Among the authors is the chair of the Presidential Commission for the Study of Bioethical Issues, who discusses its report on synthetic biology, and participants in The Hastings Center's project on ethical issues in synthetic biology. This recently completed project was funded by the Alfred P. Sloan Foundation. The Center has embarked on a second research project on synthetic biology, also funded by the Sloan Foundation.
• "The Ethics of Synthetic Biology: Guiding Principles for Emerging Technologies." Amy Gutmann, chair of the presidential commission, explains the commission's unanimous conclusion that the federal government should adopt a strategy of "prudent vigilance" with regard to synthetic biology. The commission decided that no new regulations or oversight bodies are needed at this time, but that "responsible stewardship requires that existing federal agencies conduct an ongoing and coordinated review of the field's risks, benefits, and moral objections as it matures."
• "Staying Sober about Science." Microbiologist Rob Carlson, principal of Biodesic and a participant in The Hastings Center's project, explains why he thinks the presidential commission's report is well considered. "The commission avoided the trap of proscribing from on high the future course of a technology still emerging from the muck," he writes, adding the both proponents and opponents of synthetic biology "would benefit from implementing the commission's recommendation to construct a mechanism for providing balanced, 'hype-free' analysis of advances in the science and technology."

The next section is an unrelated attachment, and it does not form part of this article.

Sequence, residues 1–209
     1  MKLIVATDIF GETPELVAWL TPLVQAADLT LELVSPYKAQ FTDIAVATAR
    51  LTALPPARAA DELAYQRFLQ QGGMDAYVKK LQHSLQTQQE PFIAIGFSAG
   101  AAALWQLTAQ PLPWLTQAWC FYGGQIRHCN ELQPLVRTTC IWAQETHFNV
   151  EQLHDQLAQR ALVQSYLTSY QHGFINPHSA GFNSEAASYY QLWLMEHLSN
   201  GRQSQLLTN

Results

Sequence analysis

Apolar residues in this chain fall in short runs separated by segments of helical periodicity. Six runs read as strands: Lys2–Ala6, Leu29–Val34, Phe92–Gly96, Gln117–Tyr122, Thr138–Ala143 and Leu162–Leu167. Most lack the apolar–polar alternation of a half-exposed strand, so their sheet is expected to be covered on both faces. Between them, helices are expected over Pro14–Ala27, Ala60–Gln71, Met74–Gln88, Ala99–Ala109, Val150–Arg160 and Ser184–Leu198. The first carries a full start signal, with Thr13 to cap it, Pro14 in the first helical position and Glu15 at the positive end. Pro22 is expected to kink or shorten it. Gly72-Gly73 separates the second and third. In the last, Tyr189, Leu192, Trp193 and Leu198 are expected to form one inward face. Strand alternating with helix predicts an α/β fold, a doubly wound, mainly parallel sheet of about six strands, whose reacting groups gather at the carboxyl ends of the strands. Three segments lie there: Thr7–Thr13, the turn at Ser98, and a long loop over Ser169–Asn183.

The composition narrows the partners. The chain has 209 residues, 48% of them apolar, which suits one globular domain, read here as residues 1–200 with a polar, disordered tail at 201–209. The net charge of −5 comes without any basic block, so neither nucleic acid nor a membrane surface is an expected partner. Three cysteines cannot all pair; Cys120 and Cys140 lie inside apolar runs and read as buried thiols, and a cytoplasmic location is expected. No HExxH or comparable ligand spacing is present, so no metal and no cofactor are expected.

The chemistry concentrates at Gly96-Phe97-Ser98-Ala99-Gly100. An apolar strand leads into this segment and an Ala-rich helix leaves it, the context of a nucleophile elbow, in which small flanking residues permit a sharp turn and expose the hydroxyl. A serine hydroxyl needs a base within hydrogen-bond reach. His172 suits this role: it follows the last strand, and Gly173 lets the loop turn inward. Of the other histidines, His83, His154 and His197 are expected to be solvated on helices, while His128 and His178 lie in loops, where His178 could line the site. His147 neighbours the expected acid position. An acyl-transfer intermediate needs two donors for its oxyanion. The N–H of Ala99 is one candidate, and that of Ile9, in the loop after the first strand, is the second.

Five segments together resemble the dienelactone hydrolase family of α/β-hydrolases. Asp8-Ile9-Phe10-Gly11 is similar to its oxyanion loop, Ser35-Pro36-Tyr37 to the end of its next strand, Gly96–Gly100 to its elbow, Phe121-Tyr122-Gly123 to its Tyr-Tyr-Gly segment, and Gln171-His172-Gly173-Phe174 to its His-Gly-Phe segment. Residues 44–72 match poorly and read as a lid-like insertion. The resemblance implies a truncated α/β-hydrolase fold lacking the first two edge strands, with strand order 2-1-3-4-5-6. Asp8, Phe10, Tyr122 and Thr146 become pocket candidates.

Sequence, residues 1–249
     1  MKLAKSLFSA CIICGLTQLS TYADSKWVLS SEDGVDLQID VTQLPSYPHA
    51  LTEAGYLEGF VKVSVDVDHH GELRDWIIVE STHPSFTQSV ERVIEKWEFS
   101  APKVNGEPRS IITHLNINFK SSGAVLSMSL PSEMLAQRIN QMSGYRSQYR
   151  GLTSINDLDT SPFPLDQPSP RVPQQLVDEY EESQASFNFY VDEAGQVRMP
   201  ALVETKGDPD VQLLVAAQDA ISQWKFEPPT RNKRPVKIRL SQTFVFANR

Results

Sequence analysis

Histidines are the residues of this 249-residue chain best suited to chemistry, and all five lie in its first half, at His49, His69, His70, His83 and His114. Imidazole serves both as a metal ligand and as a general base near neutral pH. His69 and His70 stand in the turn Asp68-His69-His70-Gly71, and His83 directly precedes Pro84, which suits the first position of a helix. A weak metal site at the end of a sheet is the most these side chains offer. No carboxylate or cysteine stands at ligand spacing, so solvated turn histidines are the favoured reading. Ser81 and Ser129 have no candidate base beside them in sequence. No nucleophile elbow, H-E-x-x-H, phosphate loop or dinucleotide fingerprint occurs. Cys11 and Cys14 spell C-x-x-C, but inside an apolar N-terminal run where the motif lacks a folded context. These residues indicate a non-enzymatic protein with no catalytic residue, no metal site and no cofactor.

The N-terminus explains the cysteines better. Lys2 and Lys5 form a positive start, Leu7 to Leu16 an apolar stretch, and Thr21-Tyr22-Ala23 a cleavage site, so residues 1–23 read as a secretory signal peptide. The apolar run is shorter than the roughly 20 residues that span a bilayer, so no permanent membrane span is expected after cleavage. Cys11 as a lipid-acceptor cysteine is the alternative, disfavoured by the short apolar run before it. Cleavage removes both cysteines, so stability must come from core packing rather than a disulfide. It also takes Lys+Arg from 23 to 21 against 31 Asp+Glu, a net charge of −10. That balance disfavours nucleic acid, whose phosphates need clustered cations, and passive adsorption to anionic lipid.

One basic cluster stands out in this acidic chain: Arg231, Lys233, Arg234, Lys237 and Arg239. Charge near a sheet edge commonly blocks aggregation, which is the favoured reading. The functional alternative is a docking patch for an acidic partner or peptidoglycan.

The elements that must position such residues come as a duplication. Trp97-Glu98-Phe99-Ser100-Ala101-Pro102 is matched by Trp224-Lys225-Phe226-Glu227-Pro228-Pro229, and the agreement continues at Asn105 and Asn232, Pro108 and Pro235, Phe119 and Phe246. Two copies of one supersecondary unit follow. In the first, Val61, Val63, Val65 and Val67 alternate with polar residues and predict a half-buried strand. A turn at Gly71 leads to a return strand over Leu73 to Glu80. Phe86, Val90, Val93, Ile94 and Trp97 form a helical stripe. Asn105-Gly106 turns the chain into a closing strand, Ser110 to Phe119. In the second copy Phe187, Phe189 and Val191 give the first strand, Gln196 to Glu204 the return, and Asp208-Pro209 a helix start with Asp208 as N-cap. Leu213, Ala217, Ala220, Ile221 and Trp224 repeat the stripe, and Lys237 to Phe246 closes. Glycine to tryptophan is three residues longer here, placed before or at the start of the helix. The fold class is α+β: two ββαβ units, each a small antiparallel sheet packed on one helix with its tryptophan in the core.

• "Of Microbes and Men." Gregory E. Kaebnick, editor of the Hastings Center Report and a principal investigator in the synthetic biology project, examines the moral concern about the human alteration of nature. Although that concern is legitimate, Kaebnick finds that some instances of altering nature are to be tolerated, and that altering microbes to make medicine or fuel – as synthetic biologists aim to do – might be among them. Kaebnick is also editor of the new book, The Ideal of Nature.
• "The Intrinsic Scientific Value of Reprogramming Life." Mark A. Bedau, a professor of philosophy and humanities at Reed College and a participant in the synthetic biology project, contrasts the idea that synthetic biology might be intrinsically dangerous with the prospect that it might have intrinsic value. By this he means that reprogramming cells may reveal insights into the nature of life, which "remains one of the deepest fundamental mysteries about our world."
• "Interests, Identifies, and Synthetic Biology." Thomas H. Murray, president of The Hastings Center and a principal investigator in its synthetic biology project, envisions how the most important policy disputes over synthetic biology will be framed as the technology progresses. They may be battles over interests – such as the risks of biosafety versus the benefits of scientific progress – in which case tradeoffs are possible. But they may be debates over identity – about the proper place of humans in the cosmos and the proper relationship of humans to the world around them. In debates over identity, compromises are elusive and people with different viewpoints are unintelligible to one another. "My concern," Murray concludes, "is that this last feature, mutual unintelligibility, may have already appeared."